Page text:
The following article appeared in the Idaho Mountain Express for
October 13, 2004. View the original article online at
Cape Horn land grant raises hackles
By Greg Stahl, Express Staff Writer
Among the federal land that would be released from
public ownership for potential development in Rep. Mike Simpson’s
economic development and wilderness bill are 960 acres of alpine meadows
and woodland at the headwaters of the Middle Fork of the Salmon River.
Arguably, Cape Horn includes some of the more breathtaking country in
Idaho. In the spring, wildflowers pepper alpine meadows with
impressionistic splashes of color while the Sawtooth Mountains loom to
the south. In the winter, sweeping fields of snow drift through stands
At 6,600 feet above sea level, it is cold, remote and difficult country,
and it is home to dozens of wildlife species, including threatened gray
wolves and chinook salmon, deer and elk.
If you’ve ever driven on Highway 21 between Stanley and Lowman, you’ve
seen it. It is memorable country, and it most certainly would be easily
marketable for high-end home sites.
But for those who oppose the Cape Horn land grant to Custer County, that
is precisely the problem. As it is, the breathtaking area belongs to all
“Maybe it’s good that he chose such an inappropriate area,” said Lynne
Stone, executive director of the Boulder White Clouds Council. “I just
have visions of people complaining about coyotes and elk, and people
complaining about animals eating the little blue spruces they will bring
In all, Simpson is proposing to grant between eight and 10 tracts of
land to Custer County, Blaine County and Stanley. In sum, the land could
total about 2,000 acres, but so far the 960 acres at Cape Horn, and to a
lesser extent the 162 acres in and around Stanley, are what have people
“We’re giving away sacred places to try to protect others,” Stone said.
“Valley Creek (where 68 acres would be given to Stanley) and Cape Horn
are just as precious as any place in the White Clouds. What will we do
with the Pioneer Wilderness when it’s proposed? Will we give away 1,000
acres of Bear Valley? Where does this idea end?”
No sooner had Simpson submitted his Central Idaho Economic Development
and Recreation Act in Congress last Friday, Oct. 8, than a group of
Stanley-area residents began circulating a petition calling for Congress
to abandon the measure.
“This is an unacceptable impact on elk and salmon,” said Dave Kimpton,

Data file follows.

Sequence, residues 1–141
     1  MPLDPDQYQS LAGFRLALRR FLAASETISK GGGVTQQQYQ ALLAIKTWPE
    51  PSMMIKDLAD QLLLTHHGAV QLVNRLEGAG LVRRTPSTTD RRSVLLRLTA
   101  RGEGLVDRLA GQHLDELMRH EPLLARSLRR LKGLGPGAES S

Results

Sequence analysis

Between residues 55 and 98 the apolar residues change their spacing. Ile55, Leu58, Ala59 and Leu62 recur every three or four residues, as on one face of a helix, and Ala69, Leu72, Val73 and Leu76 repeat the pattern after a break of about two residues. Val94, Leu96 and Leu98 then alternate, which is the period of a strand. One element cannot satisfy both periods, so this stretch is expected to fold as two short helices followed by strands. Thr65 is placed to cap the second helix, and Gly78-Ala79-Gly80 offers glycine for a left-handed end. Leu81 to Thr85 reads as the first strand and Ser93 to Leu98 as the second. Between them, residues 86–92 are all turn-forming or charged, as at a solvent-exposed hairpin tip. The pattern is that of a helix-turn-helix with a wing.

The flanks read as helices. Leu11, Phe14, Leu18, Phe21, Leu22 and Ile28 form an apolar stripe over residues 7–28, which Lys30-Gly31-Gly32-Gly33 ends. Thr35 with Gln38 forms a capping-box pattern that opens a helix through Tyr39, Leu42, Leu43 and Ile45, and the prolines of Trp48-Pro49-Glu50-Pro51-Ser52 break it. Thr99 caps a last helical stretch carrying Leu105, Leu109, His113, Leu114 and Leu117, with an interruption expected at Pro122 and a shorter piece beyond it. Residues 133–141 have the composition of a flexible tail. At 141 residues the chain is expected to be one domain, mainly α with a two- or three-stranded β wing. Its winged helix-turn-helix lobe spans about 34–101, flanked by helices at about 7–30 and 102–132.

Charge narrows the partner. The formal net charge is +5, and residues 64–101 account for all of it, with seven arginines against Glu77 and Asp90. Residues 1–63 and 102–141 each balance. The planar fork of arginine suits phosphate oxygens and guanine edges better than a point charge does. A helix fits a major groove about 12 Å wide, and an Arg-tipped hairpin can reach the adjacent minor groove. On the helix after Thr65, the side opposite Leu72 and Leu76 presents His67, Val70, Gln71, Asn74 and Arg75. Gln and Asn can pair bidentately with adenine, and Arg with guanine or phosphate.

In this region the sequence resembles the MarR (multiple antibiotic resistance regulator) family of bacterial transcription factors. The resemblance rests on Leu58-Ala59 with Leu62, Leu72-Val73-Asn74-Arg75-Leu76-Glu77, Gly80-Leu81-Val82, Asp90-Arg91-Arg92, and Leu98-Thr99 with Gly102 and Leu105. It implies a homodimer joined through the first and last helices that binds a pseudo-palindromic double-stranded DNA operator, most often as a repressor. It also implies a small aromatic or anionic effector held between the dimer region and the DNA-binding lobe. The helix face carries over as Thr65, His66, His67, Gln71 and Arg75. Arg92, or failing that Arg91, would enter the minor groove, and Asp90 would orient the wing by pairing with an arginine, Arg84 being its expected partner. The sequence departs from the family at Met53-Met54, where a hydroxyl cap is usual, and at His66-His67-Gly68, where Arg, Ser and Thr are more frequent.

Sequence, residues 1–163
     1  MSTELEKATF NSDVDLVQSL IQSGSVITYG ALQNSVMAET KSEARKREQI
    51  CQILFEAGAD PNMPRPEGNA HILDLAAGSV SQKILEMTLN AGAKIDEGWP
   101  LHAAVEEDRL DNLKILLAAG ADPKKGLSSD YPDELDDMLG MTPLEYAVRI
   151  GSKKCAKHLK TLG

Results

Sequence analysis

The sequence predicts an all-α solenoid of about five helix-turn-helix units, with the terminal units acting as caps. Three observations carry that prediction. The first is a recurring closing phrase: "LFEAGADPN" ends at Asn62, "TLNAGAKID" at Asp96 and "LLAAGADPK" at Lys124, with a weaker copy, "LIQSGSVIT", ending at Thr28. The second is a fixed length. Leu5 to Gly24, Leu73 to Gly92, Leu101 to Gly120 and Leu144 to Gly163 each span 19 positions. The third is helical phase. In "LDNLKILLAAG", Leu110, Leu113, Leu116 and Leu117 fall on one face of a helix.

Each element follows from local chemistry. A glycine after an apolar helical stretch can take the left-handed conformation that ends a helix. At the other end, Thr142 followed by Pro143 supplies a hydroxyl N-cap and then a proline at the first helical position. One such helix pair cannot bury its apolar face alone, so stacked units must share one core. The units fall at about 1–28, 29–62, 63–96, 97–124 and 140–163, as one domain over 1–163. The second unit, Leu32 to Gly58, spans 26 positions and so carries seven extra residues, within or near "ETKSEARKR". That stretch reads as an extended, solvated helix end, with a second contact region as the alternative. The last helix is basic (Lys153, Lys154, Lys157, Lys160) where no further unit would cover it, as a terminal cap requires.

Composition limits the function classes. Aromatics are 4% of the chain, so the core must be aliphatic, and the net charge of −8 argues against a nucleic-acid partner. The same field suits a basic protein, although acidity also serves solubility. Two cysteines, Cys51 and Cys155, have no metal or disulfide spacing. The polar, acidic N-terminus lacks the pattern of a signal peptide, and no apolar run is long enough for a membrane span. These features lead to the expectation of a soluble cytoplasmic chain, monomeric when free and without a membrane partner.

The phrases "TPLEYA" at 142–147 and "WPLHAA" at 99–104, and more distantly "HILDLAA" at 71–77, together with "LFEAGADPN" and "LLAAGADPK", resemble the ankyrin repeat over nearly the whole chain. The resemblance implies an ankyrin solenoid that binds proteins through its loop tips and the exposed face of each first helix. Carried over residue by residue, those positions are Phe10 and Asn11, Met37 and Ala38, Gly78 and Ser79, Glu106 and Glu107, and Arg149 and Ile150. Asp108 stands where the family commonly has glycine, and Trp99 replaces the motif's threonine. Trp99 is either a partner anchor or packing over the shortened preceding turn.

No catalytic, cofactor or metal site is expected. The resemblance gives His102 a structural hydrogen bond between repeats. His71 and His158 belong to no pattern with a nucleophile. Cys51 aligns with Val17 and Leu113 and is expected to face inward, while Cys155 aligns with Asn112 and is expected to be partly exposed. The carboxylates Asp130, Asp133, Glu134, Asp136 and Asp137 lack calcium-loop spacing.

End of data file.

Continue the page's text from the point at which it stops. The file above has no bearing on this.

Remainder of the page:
an elk hunter, angler and retired ranger for the Stanley region of the
Sawtooth National Recreation Area. “We need to have a solid tax base,
but you don’t want to be giving up critical wildlife habitat. Congress
already has PILT (payment in lieu of taxes) to fund county government
and needs to use that tool.”
The petition’s sponsors oppose the “public land giveaways” and said they
intend to urge Congress to address rural Idaho’s economic woes by
funding PILT more completely.
PILT was created in 1976 to pay counties for nontaxable federal lands
within their borders to help offset the local government’s tax base.
But the funding formula favors counties with higher populations and has
only been funded at about two-thirds the level allowed by law. In the
past five years, Congress failed to pay Custer County more than $1
million. In 2004 the Congressional PILT payment to Custer County was
$391,379, compared with the $990,619 that went to well-to-do Blaine
Custer County, located in central Idaho’s Salmon River country, has
about 4,300 residents and covers an area of nearly 3 million acres. Most
of the land, 96 percent, is owned by the federal government, and that is
precisely why Simpson is proposing to turn some federal land over to
private development. More private land would give the county an ongoing,
more consistent revenue stream in the form of property taxes.
Lindsay Slater, Simpson’s chief of staff, defended Cape Horn as a viable
location for development.
“Essentially we had two criteria when we were looking at lands that
would go to Custer County: It couldn’t be roadless and it shouldn’t have
any Endangered Species Act issues,” he said. “This area has roads
running right through it. It has power lines running through it, and it
has been logged. It was identified by the Custer County Commissioners
early on as a good site.”
Slater said the land, which is on the Salmon-Challis National Forest,
would be given to Custer County with no strings attached.
But those who initiated the petition pointed out that the 960 acres at
Cape Horn are near Marsh Creek, one of the only locations where wild
chinook salmon, a threatened species under the ESA, return to Idaho.
“This is one of the few native runs of salmon in the United States not
contaminated by hatcheries,” Kimpton said. “Imagine several thousand
people in these fragile meadows and marshes. The impact on fish and
wildlife will be devastating.”
Marie Osborn was the nurse practitioner who staffed the Salmon River
Emergency Clinic in Stanley for nearly 30 years. She is among the
Stanley residents who initiated the petition calling for increased PILT
“If the diagnosis is not enough money for Custer County government and
services, then the remedy is to fix PILT,” Osborn said. “Sacrificing our
children’s heritage and some of Idaho’s most precious places won’t fix
Custer County’s problems.”
For his part, Stanley Mayor Paul Frantellizzi said neither he nor his
city council counterparts have taken a position on the wilderness bill.
“The position we have taken is not an opinion on whether we agree or
disagree on the merits of the bill itself,” Frantellizzi said. “What we
have said is, if the bill is proposed and voted on and passes, we would
like to see some benefit coming in to the city of Stanley.
“If this happens, it will affect us, and there are differing opinions on
whether it will be a positive or negative effect. But there is no doubt
that it will affect Stanley and the surrounding community.”